The Alfa 33 is now available to those with tighter purse strings because Alfa Romeo have added to their 1.7 16 valve and 1.7 ie range with a 1.5 fuel injected version of their car which will sell for a modest £9895. Despite being 222 cc and eight valves short of the 140 bhp top of the line model, the 1.5 ie remains relatively punchy with 98 bhp at 6000 rpm and 95 lb/ft of torque at 4500 rpm. Still enough power to extract enjoyment from the capable chassis.
The chassis has been modified from the old 33 and the 1.5 carries the same specification as the 1.7-litre cars we tested in the July 1990 issue. This essentially consists of a revised Macpherson strut front suspension, with new mounting blocks and bearings, while the solid rear axle has altered strut mounting positions. Our first impression of the 33s cornering capabilities were favourable when we tested the car last year, and they were endorsed by our week with the 1.5. Torque steer is undoubtedly present but only becomes obtrusive if you make it so, and although the relative lack of power compared to the 16 valver makes the poise of the car less spirited, it is still very capable when pushed hard, behaving at the limit like a car with predictable front wheel drive characteristics.
The brakes, disc at front, drum at rear, with a bias proportioning valve, were equally impressive, showing little signs of fade along a fast country road and on one occasion hauling me up very quickly indeed when the driver in front (surprisingly without a caravan in tow) decided to stop on a fast sweeping corner to look at a hedge. Powered by the well-known horizontally opposed four cylinder engine this 33 has the same rorty sound effects that boxer Alfa owners have come to expect. It sounds lovely to some, rough as old ‘brain damage’ scrumpy to others. With a ten second 0-60 mph time, the acceleration is by no means eye-ball flattening by modern standards, but the power is delivered at lower revs than the 16 valve car and this may be appealing to some. Fitted with Bosch L 3.1 electronic fuel injection and Bosch EZ 10 digital ignition the 1.5 is reasonably economical, giving about 35-40 mpg on a motorway run.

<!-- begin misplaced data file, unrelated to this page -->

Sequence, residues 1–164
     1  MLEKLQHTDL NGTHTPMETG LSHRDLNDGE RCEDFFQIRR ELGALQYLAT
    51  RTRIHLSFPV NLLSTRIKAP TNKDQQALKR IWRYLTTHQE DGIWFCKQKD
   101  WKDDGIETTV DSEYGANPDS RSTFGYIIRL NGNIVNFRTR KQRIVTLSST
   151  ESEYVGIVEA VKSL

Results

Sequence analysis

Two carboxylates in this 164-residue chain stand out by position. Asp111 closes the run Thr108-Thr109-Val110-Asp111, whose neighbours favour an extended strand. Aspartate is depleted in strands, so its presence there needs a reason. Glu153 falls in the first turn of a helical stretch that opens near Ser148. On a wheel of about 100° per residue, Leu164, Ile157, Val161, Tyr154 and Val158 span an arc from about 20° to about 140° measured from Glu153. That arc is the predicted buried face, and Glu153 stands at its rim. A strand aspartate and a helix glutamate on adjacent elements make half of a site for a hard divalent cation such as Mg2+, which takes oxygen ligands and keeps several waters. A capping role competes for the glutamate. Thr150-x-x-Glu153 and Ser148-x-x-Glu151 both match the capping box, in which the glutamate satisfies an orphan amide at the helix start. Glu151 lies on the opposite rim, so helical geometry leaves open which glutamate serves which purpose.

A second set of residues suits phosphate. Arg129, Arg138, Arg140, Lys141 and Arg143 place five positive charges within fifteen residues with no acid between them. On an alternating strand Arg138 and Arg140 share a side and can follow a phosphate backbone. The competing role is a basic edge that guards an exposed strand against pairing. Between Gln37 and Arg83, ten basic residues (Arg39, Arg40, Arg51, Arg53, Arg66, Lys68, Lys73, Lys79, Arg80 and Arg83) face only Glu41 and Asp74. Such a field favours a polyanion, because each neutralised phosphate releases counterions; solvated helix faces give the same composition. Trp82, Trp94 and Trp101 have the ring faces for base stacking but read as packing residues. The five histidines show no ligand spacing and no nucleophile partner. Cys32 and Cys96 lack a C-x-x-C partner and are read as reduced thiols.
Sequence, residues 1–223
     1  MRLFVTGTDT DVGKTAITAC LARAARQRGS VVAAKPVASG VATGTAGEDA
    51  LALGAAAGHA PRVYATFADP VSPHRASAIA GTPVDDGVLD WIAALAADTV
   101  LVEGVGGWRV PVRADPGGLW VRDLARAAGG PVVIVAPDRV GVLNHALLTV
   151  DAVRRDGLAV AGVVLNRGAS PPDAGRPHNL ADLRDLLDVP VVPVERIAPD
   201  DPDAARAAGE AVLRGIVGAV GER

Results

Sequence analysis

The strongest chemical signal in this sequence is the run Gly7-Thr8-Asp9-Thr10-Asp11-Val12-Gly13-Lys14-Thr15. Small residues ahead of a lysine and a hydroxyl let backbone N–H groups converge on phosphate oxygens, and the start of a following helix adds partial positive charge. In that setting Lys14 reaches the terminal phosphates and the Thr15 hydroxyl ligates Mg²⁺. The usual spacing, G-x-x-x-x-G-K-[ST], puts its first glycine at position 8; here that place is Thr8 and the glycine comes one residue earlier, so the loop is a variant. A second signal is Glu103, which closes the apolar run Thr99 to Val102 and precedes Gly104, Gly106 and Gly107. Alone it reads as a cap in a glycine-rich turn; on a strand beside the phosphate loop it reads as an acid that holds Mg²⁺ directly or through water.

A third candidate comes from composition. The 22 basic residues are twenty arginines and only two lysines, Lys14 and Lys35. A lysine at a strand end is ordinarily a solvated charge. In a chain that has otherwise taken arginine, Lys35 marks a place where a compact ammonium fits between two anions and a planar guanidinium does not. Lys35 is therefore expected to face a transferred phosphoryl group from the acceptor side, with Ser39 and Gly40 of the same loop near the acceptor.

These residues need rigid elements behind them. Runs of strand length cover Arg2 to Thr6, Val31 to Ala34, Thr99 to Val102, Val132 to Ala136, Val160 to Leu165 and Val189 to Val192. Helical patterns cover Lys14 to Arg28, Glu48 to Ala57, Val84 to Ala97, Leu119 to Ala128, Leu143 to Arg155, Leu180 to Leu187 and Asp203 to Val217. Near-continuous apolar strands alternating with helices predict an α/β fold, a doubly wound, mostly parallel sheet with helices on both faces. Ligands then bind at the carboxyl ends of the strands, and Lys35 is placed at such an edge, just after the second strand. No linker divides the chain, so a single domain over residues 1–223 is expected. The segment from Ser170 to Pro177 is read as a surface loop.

The styling remains unchanged on the 1.5, and in fact it looks better for not having the rear wing that adorns the 16 valve car. The work of Walter de Silva, it is typically Alfa Romeo in its pleasant idiosyncrasy. If you can live with the occasionally apparent electrical eccentricities, after all, not knowing how much petrol you really have makes the journey so much more of an adventure, then the 1.5 33 would seem to represent excellent value for money. CS R-W